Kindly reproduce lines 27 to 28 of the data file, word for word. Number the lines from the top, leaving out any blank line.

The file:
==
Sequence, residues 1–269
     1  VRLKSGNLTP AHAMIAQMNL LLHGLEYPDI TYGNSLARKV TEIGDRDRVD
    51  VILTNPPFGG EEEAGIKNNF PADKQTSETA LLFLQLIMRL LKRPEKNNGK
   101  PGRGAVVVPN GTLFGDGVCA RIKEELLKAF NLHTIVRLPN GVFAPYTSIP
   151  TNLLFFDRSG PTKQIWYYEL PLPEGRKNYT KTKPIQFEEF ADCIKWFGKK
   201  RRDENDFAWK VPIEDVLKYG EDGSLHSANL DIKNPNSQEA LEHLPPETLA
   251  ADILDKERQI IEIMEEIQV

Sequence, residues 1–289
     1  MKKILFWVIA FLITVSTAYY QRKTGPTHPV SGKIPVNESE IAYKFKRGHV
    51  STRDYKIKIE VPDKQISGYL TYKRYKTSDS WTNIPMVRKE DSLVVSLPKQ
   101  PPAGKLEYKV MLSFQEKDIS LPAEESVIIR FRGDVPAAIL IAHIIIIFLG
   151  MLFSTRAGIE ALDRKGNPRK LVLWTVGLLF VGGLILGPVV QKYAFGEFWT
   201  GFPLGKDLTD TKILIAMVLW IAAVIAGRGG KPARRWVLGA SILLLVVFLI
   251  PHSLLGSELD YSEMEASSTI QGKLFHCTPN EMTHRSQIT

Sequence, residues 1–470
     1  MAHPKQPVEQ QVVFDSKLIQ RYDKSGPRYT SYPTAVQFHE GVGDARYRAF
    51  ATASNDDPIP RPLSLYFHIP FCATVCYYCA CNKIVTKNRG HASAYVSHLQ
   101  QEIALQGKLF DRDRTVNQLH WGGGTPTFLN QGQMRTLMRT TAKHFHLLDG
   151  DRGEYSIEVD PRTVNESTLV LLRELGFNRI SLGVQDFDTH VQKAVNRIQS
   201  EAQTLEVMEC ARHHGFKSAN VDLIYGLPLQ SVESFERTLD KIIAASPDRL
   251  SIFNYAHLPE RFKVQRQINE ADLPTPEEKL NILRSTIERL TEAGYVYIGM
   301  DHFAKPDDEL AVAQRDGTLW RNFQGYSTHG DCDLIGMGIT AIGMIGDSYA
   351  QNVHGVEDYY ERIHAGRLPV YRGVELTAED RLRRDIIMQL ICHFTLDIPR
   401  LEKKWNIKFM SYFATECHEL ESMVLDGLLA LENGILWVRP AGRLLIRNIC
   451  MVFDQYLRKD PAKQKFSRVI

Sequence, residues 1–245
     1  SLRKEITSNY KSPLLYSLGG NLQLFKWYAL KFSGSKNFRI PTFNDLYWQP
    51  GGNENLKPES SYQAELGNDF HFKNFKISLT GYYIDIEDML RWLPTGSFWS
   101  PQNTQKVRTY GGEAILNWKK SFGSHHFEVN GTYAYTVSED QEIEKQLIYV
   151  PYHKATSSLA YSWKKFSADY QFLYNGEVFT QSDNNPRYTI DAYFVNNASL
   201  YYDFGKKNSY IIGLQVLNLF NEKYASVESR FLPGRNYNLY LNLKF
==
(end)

     1  SLRKEITSNY KSPLLYSLGG NLQLFKWYAL KFSGSKNFRI PTFNDLYWQP
    51  GGNENLKPES SYQAELGNDF HFKNFKISLT GYYIDIEDML RWLPTGSFWS